55. 55.
    Osorio A, Pollán M, Pita G, Schmutzler RK, Versmold B, Engel C, et al. CIMBA. An evaluation of the polymorphisms Ins16bp and Arg72Pro in p53 as breast cancer risk modifiers in BRCA1 and BRCA2 mutation carriers. Br J Cancer. 2008;99:974–7.PubMedCentralPubMedCrossRefGoogle Scholar
  56. 56.
    Alawadi S, Ghabreau L, Alsaleh M, Abdulaziz Z, Rafeek M, Akil N, et al. P53 gene polymorphisms and breast cancer risk in Arab women. Med Oncol. 2011;28:709–15.PubMedCrossRefGoogle Scholar
  57. 57.
    Khaliq S, Hameed A, Khaliq T, Ayub Q, Qamar R, Mohyuddin A, et al. P53 mutations, polymorphisms, and haplotypes in Pakistani ethnic groups and breast cancer patients. Genet Test. 2000;4:23–9.PubMedCrossRefGoogle Scholar
  58. 58.
    Mahasneh AA, Abdel-Hafiz SS. Polymorphism of p53 gene in Jordanian population and possible associations with breast cancer and lung adenocarcinoma. Saudi Med J. 2004;25:1568–73.PubMedGoogle Scholar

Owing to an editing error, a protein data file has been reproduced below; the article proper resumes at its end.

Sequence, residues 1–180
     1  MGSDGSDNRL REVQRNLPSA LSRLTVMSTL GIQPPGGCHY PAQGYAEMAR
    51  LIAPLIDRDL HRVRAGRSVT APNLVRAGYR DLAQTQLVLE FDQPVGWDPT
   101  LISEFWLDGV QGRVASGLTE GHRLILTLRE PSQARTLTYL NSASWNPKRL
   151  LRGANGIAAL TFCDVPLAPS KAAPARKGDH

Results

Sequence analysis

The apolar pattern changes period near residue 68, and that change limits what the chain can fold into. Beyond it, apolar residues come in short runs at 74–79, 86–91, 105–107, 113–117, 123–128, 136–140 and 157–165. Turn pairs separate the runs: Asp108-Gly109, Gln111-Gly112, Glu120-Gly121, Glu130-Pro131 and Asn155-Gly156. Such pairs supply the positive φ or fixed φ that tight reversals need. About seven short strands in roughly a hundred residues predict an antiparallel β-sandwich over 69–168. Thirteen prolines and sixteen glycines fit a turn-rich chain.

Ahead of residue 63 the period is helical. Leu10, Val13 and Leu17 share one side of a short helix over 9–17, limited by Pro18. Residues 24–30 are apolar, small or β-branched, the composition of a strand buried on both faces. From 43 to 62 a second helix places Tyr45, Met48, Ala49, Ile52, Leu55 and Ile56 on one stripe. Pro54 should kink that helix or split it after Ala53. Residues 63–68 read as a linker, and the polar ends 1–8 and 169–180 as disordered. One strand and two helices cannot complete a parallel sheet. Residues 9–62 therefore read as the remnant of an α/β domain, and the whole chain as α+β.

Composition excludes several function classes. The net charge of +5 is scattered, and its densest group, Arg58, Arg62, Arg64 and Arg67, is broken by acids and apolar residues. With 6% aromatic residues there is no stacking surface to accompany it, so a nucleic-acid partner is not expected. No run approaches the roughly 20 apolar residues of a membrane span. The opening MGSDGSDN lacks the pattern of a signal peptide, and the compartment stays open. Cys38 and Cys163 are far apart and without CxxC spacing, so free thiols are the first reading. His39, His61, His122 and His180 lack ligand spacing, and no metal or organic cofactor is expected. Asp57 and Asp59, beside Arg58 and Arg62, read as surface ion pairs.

59. 59.
    Wang-Gohrke S, Rebbeck TR, Besenfelder W, Kreienberg R, Runnebaum IB. p53 germline polymorphisms are associated with an increased risk for breast cancer in German women. Anticancer Res. 1998;18:2095–9.PubMedGoogle Scholar
  60. 60.
    Olden K, Freudenberg N, Dowd J, Shields AE. Discovering how environmental exposures alter genes could lead to new treatments for chronic illnesses. Health Aff (Millwood). 2011;30:833–41.CrossRefGoogle Scholar

Copyright information

© International Society of Oncology and BioMarkers (ISOBM) 2014

Authors and Affiliations

  • Chaymaa Marouf
    • 1
    • 3
  • Amal Tazzite
    • 1
  • Brehima Diakité
    • 1
  • Hassan Jouhadi
    • 2
  • Abdellatif Benider
    • 2
  • Sellama Nadifi
    • 1
  1. 1.Genetics and Molecular Pathology Laboratory, Medical School of CasablancaUniversity Hassan IICasablancaMorocco
  2. 2.Mohammed VI Center for Cancer TreatmentIbn Rochd University HospitalCasablancaMorocco
  3. 3.HeidelbergGermany

Personalised recommendations